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Osinbajo and the restructuring question

Osinbajo

By Gideon Aremu

THE polity was astir, last week, with an interesting, intellectual debate between Vice President Yemi Osinbajo  and Alhaji Abubakar Atiku, a former vice president, over restructuring. The debate started with Alhaji Atiku’s critique of Osinbajo’s submissions at Minnesota, USA, Town Hall meeting, where the Vice President said ‘geographical restructuring’ was not what Nigeria needs. According to him, the country needs deep fiscal federalism that entails more powers for the states, good governance and checking of corruption.

In his critique, Alhaji Atiku dismissed what he deemed as Osinbajo’s 360-degree turn on the concept of restructuring because he is now in government.

The Vice President responded gamely to Atiku’s criticisms and described the former vice president’s concept of restructuring as vague. Atiku countered and stressed that ‘’restructuring is a necessity, not an option’’.

Indeed, restructuring is on the front burner of discourse in Nigeria currently. There is a groundswell of unanimity among many stakeholders in the Nigeria project for the country to be restructured. A host of the over 60 presidential candidates/aspirants have made restructuring of the country one of their campaign promises.

Thus, Alhaji Atiku is right to say that “restructuring is a necessity, not an option’’ but he is wrong to say that Vice President Osinbajo has turned his back on restructuring.

There is nothing in Osinbajo’s submissions that justifies that posture. Semantics, perhaps, may be the culprit because Osinbajo’s postulations seek to empower the federating units, ensure fiscal federalism, good governance, and curb graft, which have been the bane of the country’s socio-economic development.

In rejecting the notion that geographical restructuring was a solution to Nigeria’s multifarious problems because ‘’geographical restructuring is either taking us back to regional governments or increasing the number of states that make up the Nigerian federation’’, Osinbajo recalled that the 2014 National Conference recommended the creation of 18 more states.

At a time most of the 36 states are struggling to pay salaries, Osinbajo averred that ‘’any further tinkering with our geographical structure would not benefit us’’.

A sizeable chunk of the 36 states generate pittance as Internally Generate Revenue, IGR. Without allocation from the Federal Allocation Committee, FAAC, most of the states will go under.

Indeed, despite getting bailouts from the Federal Government twice, tranches of Paris Club refund and money from the Excess Crude Account, ECA, several states are owing several months of salary arrears.

‘’We should rather ask ourselves why the states are under-performing, revenue and development-wise. I gave the example of the Western Region (comprising even more than what is now known as the South West Zone), where, without oil money, and using capitation tax and revenues from agriculture and mining, the government funded free education for over 800,000 pupils in 1955, built several roads, farm settlements, industrial estates, the first TV station in Africa, and the tallest building in Nigeria, while still giving up 50 percent of its earnings from mining and minerals for allocation to the Federal Government and other regions,’’ he said.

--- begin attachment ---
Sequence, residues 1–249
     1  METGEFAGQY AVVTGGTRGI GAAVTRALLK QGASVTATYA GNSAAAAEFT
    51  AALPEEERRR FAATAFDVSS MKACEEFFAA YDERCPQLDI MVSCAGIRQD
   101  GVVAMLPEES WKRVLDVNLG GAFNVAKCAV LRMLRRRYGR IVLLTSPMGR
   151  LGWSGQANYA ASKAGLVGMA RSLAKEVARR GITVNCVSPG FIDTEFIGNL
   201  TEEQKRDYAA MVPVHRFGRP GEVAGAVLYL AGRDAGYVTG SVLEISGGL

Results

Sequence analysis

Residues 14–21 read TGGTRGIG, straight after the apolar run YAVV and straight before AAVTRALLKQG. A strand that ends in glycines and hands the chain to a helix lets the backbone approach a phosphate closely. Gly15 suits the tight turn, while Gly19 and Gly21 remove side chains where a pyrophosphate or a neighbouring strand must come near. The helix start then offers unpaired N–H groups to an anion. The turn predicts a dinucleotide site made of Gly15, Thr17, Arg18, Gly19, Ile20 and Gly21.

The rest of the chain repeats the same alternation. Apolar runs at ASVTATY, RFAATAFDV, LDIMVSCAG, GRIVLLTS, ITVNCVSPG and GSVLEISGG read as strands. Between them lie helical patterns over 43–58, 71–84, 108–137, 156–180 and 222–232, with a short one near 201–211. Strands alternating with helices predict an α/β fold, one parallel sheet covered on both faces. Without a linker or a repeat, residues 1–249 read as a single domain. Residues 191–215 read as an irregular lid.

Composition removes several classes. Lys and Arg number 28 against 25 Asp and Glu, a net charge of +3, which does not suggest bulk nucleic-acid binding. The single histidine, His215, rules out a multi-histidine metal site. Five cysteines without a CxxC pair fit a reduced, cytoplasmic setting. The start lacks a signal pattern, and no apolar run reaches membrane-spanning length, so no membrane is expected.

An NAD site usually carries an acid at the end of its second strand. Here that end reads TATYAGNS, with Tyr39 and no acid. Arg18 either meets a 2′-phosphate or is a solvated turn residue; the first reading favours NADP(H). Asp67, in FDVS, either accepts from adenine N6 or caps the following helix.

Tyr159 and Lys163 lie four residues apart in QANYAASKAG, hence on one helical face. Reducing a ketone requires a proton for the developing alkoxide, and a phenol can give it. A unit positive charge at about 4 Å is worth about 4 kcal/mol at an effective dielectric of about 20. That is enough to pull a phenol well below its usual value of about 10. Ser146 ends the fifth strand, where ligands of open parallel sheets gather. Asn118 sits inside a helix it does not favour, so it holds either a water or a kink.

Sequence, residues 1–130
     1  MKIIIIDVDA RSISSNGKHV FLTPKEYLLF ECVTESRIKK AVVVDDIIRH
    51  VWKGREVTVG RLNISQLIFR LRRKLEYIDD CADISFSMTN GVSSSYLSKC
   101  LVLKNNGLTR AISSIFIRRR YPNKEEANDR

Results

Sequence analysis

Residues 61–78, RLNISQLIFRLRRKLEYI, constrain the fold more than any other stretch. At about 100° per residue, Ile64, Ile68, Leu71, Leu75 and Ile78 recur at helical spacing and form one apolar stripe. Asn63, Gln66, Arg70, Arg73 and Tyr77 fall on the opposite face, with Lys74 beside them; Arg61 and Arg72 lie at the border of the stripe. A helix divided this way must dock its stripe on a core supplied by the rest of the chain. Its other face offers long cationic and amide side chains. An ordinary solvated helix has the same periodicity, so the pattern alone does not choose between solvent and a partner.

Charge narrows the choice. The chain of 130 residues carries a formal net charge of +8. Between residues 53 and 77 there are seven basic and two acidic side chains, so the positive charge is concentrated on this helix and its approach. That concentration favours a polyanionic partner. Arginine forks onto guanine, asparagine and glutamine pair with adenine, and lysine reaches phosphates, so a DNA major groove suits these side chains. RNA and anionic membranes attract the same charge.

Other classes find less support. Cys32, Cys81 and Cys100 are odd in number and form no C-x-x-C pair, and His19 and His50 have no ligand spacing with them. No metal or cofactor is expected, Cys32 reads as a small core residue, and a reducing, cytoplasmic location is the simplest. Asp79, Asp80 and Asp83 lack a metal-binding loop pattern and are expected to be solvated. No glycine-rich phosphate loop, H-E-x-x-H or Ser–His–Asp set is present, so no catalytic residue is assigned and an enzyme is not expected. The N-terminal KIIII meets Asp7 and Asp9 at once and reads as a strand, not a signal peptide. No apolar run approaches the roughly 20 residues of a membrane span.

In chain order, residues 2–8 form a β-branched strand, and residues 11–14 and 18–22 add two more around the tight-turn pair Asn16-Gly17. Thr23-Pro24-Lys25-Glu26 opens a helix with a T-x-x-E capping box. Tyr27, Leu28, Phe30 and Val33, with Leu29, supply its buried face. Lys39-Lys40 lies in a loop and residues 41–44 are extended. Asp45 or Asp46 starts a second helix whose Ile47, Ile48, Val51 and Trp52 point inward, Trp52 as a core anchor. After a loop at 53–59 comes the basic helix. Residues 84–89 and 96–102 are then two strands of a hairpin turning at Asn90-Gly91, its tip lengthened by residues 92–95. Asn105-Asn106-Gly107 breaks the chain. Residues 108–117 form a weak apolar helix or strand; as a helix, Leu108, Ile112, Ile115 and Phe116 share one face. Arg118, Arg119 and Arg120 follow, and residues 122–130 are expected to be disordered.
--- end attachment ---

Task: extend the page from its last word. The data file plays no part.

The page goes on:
With this scenario, Osinbajo stressed that creation of more states will not be a solution to the problem, arguing that what we require now was not geographical restructuring but good governance, honest management of public resources, deeper fiscal federalism, and a clear vision for development.

As the Attorney-General of Lagos State during the tenure of Asiwaju Bola Ahmed Tinubu, Osinbajo led the battle of Lagos for greater autonomy for states and resource control in consonance with the littoral states of the Niger-Delta among other battles, hence he appreciates what restructuring is all about.

However, he argues that restructuring amid pervasive graft without good governance will yield little or no dividends.

‘’We must check grand corruption, fuelled by a rentier economic structure that benefits those who can use political positions or access to either loot the treasury or get favourable concessions to enrich themselves,’’ he said.

Arguing for good governance, Osinbajo fingered corruption as Nigeria’s greatest problem. ‘’Grand corruption, namely the unbelievable looting of the treasury by simply making huge cash withdrawals in local and foreign currency, was the first travesty that President Buhari stopped. I showed the OPEC figures from oil revenues since 1990. In four years from 2010 to 2014 the PDP government earned the highest oil revenues in Nigeria’s history, USD381.9billion. By contrast the Buhari Administration has earned USD121 billion from May 2015 to June 2018, less than 1/3 of what the Jonathan Administration earned at the same period in that administration’s life. Despite earning so much less, we are still able to invest more in infrastructure than any government in Nigeria’s history. The difference is good governance, and fiscal prudence.

“In the final analysis, restructuring in whatever shape or form, will not mean much if our political leaders see public resources as an extension of their bank accounts,’’ he asserted.

*Mr. Aremu, a commentator on national issues, wrote from Lagos.

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